I’ve just returned from an excellent funeral. Richard H. Cracroft, the dean (of the College of Humanities at BYU) who hired me and who subsequently went on to preside over the mission in my beloved Germanic Switzerland (where I myself served), died on 20 September 2012 after years of physical challenges and disabilities.
One of the speakers at Richard’s funeral appropriately quoted Brigham Young:
“What a dark valley and a shadow it is that we call death! To pass from this state of existence as far as the mortal body is concerned, into a state of inanition [emptiness], how strange it is! How dark this valley is! How mysterious is this road, and we have got to travel it alone. I would like to say to you, my friends and brethren, if we could see things as they are, and as we shall see and understand them, this dark shadow and valley is so trifling that we shall turn round and look about upon it and think, when we have crossed it, why this is the greatest advantage of my whole existence, for I have passed from a state of sorrow, grief, mourning, woe, misery, pain, anguish and disappointment into a state of existence, where I can enjoy life to the fullest extent as far as that can be done without a body. My spirit is set free, I thirst no more, I want to sleep no more, I hunger no more, I tire no more, I run, I walk, I labor, I go, I come, I do this, I do that, whatever is required of me, nothing like pain or weariness, I am full of life, full of vigor, and I enjoy the presence of my heavenly Father, by the power of his Spirit.”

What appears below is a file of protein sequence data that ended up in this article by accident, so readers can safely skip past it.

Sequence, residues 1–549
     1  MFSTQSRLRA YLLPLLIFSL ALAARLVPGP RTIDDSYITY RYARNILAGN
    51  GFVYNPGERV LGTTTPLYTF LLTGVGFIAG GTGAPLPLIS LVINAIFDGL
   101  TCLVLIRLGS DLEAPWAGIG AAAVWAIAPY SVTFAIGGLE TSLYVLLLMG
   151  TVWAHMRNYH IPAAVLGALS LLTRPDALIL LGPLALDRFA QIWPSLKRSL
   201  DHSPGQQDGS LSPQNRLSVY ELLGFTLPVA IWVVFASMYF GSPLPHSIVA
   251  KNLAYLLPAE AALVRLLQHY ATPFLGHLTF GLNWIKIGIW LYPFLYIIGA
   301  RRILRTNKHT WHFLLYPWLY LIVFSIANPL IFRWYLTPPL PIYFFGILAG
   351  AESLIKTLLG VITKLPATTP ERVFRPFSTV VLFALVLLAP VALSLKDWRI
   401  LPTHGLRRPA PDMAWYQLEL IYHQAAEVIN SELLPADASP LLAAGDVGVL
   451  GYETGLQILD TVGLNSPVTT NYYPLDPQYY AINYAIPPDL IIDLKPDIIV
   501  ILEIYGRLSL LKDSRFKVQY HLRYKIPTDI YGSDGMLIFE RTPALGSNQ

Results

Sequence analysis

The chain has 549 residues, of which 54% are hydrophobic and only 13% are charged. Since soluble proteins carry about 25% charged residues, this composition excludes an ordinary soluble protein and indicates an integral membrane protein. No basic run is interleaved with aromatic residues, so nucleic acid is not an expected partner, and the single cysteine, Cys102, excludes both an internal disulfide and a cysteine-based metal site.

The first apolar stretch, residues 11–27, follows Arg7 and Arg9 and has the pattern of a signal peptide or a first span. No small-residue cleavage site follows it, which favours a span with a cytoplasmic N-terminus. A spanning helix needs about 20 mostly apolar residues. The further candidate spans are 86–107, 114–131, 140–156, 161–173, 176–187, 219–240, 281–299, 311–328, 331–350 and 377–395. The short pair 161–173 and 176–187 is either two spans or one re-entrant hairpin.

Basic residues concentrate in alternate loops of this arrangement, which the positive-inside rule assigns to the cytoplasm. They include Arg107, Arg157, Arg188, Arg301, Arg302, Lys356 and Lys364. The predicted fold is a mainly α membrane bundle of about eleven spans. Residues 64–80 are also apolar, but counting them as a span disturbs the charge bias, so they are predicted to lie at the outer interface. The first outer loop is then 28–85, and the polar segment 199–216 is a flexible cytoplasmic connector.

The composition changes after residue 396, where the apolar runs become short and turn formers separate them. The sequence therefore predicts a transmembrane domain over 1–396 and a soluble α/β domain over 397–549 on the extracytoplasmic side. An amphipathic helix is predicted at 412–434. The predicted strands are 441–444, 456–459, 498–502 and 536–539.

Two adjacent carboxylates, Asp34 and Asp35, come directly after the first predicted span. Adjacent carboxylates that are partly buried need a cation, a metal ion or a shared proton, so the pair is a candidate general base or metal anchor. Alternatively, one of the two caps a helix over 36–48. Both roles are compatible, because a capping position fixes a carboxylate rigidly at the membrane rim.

Another speaker, I believe — Richard’s life-long friend J. Samuel Park — cited the epitaph on the grave marker of Joseph Smith III: “The battle is won, the pain is gone, the view is wonderful.”
I was living in Cairo, Egypt, when my good friend Kent Brown wrote to me, telling me that Robert Matthews (the dean of Religious Education at BYU) and Richard Cracroft (the dean of Humanities) would be coming through Egypt as part of a tour to consider BYU semester abroad programs in the Middle East. (This was before the construction of BYU’s Jerusalem Center for Near Eastern Studies, and was, perhaps, part of the process that led to it.) Whatever I was doing, Kent suggested, I should seriously consider dropping it and taking these two around. It would, he advised, be well worth my time.
So I did. I had never met either of them before, but I hired a taxi driver whom I knew, and I took them to Saqqara and Giza and into the oldest portions of Cairo. We had a great time together. (I attended Bob Matthews’s funeral almost precisely three years ago — only, it seems, a month or two after we had lunch together. His passing was a shock to me.) They even had dinner with us at the small apartment in which my wife and I lived, where we cooked with the help of a butane tank and kept a bucket in the bathroom with which to flush the toilet.